Accident injuries vary, just as the circumstances surrounding a collision range. Visibility is a significant factor among any vehicle crash, and this happened to be an alleged factor in a bicycle accident in Wake Forest earlier this year when 9-year-old Logan Decosta was struck by a driver. According to local news reports, the driver claimed it was dark outside and they were unable to see the child playing with a group of children. (The other children were not injured nor struck.) The injured boy was not wearing a helmet and was brought to Duke University Hospital where he was pronounced braindead and did not survive the accident injuries.
Conflicting statements in local news reports suggest that the accident occurred around 8PM in early May 2015. The driver of the car that caused the collision alleges it was too dark to see. Natural light levels at the apparent time of the accident might have been sufficient enough. Accident reconstructionist and investigators will likely address this if the parents of Decosta choose to pursue a wrongful death claim. This factor brings up an important point anyone suffering an accident must address: Evidence. Raleigh bicycle accident attorney Brent Adams reviews ways to document your accident for trials and out-of-court negotiations.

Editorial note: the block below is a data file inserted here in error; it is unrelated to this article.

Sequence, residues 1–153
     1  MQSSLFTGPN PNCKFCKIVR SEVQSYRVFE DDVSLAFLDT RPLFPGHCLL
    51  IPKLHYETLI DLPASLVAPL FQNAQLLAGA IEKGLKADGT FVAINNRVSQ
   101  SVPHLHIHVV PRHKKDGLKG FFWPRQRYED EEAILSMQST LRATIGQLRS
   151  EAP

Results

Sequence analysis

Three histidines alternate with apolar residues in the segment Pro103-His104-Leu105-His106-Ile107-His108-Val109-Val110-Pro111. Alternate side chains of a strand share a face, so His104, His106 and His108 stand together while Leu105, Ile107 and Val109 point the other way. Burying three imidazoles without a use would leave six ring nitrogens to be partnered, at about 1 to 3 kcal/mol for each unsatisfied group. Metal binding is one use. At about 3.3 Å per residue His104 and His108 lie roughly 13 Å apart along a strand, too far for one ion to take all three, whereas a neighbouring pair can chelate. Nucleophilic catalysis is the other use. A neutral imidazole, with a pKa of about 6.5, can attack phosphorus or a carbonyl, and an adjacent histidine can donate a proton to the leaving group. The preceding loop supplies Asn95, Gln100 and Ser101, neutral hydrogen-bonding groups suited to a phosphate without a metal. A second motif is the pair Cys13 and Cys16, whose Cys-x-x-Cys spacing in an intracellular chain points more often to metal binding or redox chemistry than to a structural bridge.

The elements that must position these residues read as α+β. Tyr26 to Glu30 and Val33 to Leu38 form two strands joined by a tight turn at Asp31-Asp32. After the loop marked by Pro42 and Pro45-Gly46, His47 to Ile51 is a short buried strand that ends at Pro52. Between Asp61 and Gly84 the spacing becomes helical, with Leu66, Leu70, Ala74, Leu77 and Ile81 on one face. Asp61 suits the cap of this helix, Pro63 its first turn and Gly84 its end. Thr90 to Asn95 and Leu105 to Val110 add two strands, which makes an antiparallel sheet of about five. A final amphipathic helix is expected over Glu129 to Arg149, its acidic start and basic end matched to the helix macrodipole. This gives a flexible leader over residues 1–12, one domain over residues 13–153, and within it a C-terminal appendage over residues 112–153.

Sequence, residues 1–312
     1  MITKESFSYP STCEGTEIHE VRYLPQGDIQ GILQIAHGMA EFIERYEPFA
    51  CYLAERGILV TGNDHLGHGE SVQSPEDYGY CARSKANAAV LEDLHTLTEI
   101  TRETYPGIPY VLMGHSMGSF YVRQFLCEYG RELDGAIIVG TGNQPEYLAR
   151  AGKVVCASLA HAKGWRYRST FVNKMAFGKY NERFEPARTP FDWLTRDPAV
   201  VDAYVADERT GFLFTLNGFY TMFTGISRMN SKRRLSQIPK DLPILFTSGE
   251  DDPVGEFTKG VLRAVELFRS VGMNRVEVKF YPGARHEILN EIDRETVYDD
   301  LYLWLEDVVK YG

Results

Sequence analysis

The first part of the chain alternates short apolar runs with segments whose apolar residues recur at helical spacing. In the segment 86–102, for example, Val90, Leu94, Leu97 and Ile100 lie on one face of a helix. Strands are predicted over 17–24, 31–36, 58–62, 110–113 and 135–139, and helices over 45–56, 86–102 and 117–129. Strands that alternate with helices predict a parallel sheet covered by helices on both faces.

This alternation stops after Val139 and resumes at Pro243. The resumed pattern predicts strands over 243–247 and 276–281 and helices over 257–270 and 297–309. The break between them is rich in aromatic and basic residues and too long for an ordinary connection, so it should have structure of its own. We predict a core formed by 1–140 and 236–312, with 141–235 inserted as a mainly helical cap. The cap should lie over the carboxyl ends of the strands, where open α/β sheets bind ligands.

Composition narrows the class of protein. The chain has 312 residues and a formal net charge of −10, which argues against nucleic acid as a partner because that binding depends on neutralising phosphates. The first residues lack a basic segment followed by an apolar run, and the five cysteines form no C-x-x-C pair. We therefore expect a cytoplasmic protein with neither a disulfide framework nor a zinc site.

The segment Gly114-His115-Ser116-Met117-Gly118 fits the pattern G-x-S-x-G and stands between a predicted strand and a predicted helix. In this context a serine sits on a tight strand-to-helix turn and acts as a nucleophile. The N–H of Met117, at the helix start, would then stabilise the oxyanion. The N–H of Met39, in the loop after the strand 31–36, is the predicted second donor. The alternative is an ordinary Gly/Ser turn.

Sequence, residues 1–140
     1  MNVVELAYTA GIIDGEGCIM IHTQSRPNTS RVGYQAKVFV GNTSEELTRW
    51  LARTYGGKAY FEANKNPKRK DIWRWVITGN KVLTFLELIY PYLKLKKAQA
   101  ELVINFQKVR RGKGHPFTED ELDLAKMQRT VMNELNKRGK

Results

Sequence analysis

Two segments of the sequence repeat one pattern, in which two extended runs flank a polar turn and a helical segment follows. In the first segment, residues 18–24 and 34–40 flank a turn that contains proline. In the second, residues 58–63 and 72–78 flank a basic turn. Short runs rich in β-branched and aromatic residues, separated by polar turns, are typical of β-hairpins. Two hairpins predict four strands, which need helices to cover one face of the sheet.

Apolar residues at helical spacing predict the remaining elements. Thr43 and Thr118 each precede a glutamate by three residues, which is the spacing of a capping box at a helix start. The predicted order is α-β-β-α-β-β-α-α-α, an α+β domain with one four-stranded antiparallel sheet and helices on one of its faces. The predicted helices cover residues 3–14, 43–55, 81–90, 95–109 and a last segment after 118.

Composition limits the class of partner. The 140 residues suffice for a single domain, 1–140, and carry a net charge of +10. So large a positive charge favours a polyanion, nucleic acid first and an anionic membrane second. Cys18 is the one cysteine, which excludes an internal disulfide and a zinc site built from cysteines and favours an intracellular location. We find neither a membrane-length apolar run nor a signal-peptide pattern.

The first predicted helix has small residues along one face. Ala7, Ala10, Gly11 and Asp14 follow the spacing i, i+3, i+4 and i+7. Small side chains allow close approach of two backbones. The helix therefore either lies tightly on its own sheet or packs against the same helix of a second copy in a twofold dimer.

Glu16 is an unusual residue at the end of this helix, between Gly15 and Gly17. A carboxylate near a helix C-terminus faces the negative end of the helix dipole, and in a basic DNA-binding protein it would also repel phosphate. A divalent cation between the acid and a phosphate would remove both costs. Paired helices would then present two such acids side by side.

Although Decosta is not suffering any longer, the boy's surviving family members in Wake Forest and elsewhere have a tremendous grief to navigate. Aside from Decosta's end-of-life medical bills, the surviving family must carry on their lives without the boy. How should they be compensated? A wrongful death claim might be possible, which could cover the victim's healthcare costs associated with the cycling accident injuries in addition to pain and suffering, loss, and other damages. These claims are highly complicated. North Carolina's contributory negligence laws make handling wrongful death claims a delicate process. Learn more about the wrongful death claim process.